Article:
Follow this topicFollow this topic Knowledge » Childrens savings

Can you afford to have a child?

Rebecca Rutt
by Lovemoney Staff Rebecca Rutt on 07 September 2012  |  Comments 11 comments

It's now more expensive than ever to have a child, which is putting a real strain on families. What more can be done?

Children are expensive. It now costs £150 a week to raise a child to age 18, according to the Child Poverty Action Group. Throw in soaring child care costs and it’s easy to see why many parents are struggling.

Parents are now spending an average of 18% of their income on their kids, including childcare, holidays and education as well as necessities such as food and clothes, according to a report by Halifax.

Martin Ellis, economist at Halifax, told us: “The cost of raising a child until the age of 11 has increased by 15% over the past five years. This has added to the already considerable strain on household finances during the economic downturn.

“Childcare costs and education account for half of the total annual cost of raising a child. This is a substantial sum for most households."

Not only are parents facing high costs in raising children, they’re also being hit with rising inflation and cuts to Government benefits.

Child benefit and tax credits are available as soon as your baby is born but how much you can get depends on your individual circumstances. To find out if you’re eligible visit the Direct Gov website.

Tim Nichols of the Child Poverty Action Group highlighted that the costs of having children had risen at a time when salaries were stagnant, making things tougher, and warned that worse was still to come.

He said: "After a number of years of child poverty rates reducing, we're turning a corner. Child poverty is going to be rising by 100,000 more each year."

He also argued there was a wider benefit to keeping family support in place: "It's the lowest income families that are most likely to go out and spend any extra money in their local shops and services, which is just the stimulus that the economy needs, at the same time as helping families."

So, is the rising cost of kids putting people off starting a family?

One man told us: "Rising prices would put me off having a child. I wouldn’t want to bring a child into the world if I couldn’t offer all the best things for that child."

While another woman said: "I'd have to make sacrifices.My parents didn’t have much money when they raised me and if they can make it work surely I can."

What do you think? Would rising prices put you off starting a family, and if you have children already are you struggling? Let me know in the comment box below.

More on children:

Cheap and free ways to help your children learn

Make your baby a millionaire

Protect your kids from your money worries

How to claim your tax credits

Enjoyed this? Show it some love


Comments (11)

  • wiliamson
    Love rating 4
    wiliamson said

    There is a statistic that between 20% -25% of British women will never have children. Has anyone done a study to reveal why? I would suggest one reason is that they cannot afford to have them. That is my situation - at no stage of my life, and I am now nearly 60 could I have afforded to have children. To have children at the very least you need to be able to afford a decent roof over your head. Also, my experience of growing up in poverty, despite having two hard working parents decided me that I would not have children unless I could afford to give them a decent life.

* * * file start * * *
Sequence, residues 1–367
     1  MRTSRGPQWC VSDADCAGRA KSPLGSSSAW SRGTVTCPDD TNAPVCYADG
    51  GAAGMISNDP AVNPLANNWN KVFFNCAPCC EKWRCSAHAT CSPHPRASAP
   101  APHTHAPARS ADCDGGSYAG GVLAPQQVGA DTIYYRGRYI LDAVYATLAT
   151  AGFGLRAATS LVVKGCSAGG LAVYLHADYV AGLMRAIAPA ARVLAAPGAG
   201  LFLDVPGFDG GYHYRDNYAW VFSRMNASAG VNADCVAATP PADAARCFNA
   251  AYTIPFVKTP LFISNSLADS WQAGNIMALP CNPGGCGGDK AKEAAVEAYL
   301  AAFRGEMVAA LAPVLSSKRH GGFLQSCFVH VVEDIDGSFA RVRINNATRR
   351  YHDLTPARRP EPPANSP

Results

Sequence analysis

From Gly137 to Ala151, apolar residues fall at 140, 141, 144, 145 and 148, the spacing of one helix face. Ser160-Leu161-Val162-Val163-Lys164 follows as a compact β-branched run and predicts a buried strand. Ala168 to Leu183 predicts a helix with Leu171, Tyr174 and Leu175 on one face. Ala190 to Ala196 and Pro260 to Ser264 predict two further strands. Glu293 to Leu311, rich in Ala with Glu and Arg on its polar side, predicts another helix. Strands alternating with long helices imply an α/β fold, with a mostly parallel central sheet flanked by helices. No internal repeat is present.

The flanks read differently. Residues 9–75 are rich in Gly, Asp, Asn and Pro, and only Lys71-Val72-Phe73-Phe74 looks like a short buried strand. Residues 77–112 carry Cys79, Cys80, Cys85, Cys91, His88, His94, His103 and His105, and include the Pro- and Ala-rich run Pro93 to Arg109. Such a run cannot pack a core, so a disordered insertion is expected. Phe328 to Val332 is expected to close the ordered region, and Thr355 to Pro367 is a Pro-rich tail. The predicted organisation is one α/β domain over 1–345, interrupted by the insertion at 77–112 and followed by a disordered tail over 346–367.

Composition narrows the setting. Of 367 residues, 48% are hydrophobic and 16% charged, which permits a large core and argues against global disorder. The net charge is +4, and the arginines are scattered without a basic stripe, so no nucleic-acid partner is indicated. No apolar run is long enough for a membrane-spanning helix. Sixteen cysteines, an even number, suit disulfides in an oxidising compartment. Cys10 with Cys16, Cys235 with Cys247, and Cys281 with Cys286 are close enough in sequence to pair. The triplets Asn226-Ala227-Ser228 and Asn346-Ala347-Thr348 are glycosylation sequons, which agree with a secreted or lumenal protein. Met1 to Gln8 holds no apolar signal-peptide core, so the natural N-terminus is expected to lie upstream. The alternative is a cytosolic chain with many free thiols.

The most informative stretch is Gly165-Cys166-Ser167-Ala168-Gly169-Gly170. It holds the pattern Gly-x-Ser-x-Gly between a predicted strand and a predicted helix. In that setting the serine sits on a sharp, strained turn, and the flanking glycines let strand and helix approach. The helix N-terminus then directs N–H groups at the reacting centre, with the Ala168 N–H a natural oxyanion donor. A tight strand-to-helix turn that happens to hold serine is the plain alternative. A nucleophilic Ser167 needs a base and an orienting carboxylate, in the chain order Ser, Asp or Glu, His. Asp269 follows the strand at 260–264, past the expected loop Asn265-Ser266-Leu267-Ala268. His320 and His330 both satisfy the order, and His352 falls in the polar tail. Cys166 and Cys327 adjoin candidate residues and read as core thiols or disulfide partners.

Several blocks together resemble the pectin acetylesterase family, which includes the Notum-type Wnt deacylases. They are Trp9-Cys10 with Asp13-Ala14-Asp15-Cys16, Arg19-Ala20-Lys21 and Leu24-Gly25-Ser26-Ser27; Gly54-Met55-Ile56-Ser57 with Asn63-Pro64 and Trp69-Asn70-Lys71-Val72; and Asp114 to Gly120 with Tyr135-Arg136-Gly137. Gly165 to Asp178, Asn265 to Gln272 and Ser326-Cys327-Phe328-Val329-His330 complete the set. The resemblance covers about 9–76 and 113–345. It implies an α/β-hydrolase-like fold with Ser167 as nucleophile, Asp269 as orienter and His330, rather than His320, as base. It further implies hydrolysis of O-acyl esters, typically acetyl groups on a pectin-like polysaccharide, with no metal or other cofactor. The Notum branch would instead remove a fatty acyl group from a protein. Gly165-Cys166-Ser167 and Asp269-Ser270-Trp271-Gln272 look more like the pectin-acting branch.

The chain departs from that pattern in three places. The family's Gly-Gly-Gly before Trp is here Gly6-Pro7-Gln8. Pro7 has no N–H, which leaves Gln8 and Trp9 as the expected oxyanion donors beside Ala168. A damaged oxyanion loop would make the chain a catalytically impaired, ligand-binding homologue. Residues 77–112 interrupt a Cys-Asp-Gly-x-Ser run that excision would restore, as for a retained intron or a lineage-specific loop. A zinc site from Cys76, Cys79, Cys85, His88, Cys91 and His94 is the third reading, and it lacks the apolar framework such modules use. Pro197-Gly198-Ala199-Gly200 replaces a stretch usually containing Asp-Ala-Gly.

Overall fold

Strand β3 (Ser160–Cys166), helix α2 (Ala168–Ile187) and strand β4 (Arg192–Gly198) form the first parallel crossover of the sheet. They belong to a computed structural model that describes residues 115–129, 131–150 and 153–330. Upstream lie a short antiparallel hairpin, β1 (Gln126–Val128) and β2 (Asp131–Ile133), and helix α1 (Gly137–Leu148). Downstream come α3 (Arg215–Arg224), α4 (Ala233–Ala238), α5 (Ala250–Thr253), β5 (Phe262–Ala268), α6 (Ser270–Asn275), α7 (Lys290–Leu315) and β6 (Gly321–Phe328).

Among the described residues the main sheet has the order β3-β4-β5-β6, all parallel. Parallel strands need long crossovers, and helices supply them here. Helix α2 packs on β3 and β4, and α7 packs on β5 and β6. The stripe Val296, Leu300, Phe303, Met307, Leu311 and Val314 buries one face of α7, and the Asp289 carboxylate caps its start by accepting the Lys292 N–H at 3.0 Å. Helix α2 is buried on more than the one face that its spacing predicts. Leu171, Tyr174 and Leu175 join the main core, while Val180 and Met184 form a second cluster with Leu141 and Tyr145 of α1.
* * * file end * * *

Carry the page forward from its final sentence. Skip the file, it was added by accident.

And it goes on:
Report on 19 September 2012  |  Love thisLove  0 loves
  • alexms
    Love rating 8
    alexms said

    There was an interesting report by UNICEF a year or two ago that compared children's lives in the UK, Spain and Sweden. In brief, it found that UK children are exposed to far more commercial influences and that UK parents tend to 'buy them off' even when they cannot afford it. It also said that family cohesion in S&S was better, with mre failies sitting down to cooked meals together.

    Personally, I'd be tempted to add that both these countries have much lower population densities thatn the UK and subsequently larger homes, with space to play, house grandparents, have dining tables etc.

    As long as we use ever-increasing house prices as a way stealthily to trasnfer wealth from the young to the old, and planning permission to prevent building of hundreds of thousands of decent-sized family homes, people in the UK will not be able to get out of their current overlap of depressing and empoverishing ruts.

    Report on 03 October 2012  |  Love thisLove  0 loves

Post a comment

Sign in or register to post a reply.

Related content

Our top deals

Provider & account name AER/Gross Interest paid Apply

GE Capital Direct
GE Saver Issue 6

1.10% /
Anniversary Apply

Scottish Widows Bank
Direct Transfer Account 2

1.00% /
Anniversary Apply

Instant Saver

0.50% /
Quarterly Apply
W3C  Thank you for using One Flew Over the Cuckoo's Nest